The basic principles surrounding short-form messaging tools like these might be the perfect way to find the talent entrepreneurs seek in today’s complex job market. Here are some ways entrepreneurs can streamline their hiring process by adopting SnapChat principles:

1. Be everywhere

Posting available positions to just one or a few places won’t cut it. It’s common for candidates to use 18 sources during their job search, according to CareerBuilder. Attract and engage a wide range of talent in the same way SnapChat users engage followers: share available positions with all followers. Post opportunities as status updates on all social media sites and pin announcements at the top of all social profiles as a standing message. Just as SnapChatters use the “your story” feature to showcase recent happenings to anyone who cares to view, do the same with new ways to creatively express job opportunities.

2. Leverage mobile

Spending on mobile Internet advertising increased 34 percent this year, according to KPCB. The study found time spent viewing information on mobile screens has increased from 0.4 percent in 2010 to nearly 10 percent today. Mobile optimization is a trend that cannot be ignored. Make it easy for applicants to access information about the position and company and apply for the job via mobile devices. Place jobs on platforms with responsive design and optimize the company career page for mobile. Use Google Analytics or a tool like Bitly to track where applicant traffic comes from.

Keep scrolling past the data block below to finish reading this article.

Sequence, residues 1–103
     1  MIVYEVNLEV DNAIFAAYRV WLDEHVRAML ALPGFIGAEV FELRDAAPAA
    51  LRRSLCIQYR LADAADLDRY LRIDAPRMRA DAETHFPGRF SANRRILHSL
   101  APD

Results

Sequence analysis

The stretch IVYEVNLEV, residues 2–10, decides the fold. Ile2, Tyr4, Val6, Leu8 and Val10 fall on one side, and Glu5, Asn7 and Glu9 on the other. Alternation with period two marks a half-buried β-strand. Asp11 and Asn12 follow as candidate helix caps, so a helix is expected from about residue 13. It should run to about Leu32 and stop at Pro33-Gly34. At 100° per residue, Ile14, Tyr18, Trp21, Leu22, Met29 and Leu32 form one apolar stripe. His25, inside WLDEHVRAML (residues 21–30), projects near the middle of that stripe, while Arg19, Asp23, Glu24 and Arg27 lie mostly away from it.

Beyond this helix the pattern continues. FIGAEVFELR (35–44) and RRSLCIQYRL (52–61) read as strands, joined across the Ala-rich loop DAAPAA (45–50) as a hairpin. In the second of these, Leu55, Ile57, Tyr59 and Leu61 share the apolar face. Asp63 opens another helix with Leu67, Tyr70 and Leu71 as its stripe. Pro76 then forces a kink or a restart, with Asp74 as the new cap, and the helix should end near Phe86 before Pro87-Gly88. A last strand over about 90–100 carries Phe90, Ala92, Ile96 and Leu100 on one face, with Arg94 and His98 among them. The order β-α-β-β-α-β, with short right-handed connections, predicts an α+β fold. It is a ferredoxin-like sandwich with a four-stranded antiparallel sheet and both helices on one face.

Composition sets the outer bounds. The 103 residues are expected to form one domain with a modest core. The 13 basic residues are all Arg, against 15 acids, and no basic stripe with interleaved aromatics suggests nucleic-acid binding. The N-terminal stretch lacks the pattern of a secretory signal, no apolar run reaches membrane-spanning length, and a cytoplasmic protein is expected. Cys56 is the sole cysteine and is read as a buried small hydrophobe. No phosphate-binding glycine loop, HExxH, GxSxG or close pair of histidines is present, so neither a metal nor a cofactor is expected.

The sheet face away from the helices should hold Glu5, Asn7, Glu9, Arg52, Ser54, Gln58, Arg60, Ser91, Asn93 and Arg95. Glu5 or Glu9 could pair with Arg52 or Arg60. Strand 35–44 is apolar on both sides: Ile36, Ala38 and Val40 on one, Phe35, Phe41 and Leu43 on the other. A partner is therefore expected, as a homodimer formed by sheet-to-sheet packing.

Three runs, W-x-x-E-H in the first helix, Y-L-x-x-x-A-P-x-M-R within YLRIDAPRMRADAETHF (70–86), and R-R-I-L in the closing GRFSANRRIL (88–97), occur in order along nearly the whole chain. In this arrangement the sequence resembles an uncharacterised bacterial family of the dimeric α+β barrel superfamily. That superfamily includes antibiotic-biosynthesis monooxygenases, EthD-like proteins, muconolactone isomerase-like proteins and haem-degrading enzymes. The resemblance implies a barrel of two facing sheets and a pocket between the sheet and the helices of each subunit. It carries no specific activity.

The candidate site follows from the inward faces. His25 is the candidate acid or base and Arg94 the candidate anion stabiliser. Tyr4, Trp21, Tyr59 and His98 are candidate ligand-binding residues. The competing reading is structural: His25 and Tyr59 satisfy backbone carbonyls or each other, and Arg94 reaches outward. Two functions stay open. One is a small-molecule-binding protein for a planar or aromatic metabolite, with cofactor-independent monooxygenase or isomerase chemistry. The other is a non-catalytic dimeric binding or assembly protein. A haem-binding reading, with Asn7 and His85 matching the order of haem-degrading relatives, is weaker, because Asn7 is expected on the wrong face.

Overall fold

3. Tell your story with video

Mobile video traffic is on the rise, according to the KPCB study, reaching 55 percent this year -- up from 50 percent in 2012. Even more interesting is the commercial trend toward five-second advertisements. It’s clear the best way to deliver messages short and sweet is visually, just as SnapChat does. Create short videos to introduce talent to the company culture. Show off the employer brand -- exciting happenings in the office, unique personalities of team members and clips of celebrations. Share these clips on YouTube, Vine, Twitter and every other platform where ideal followers are active.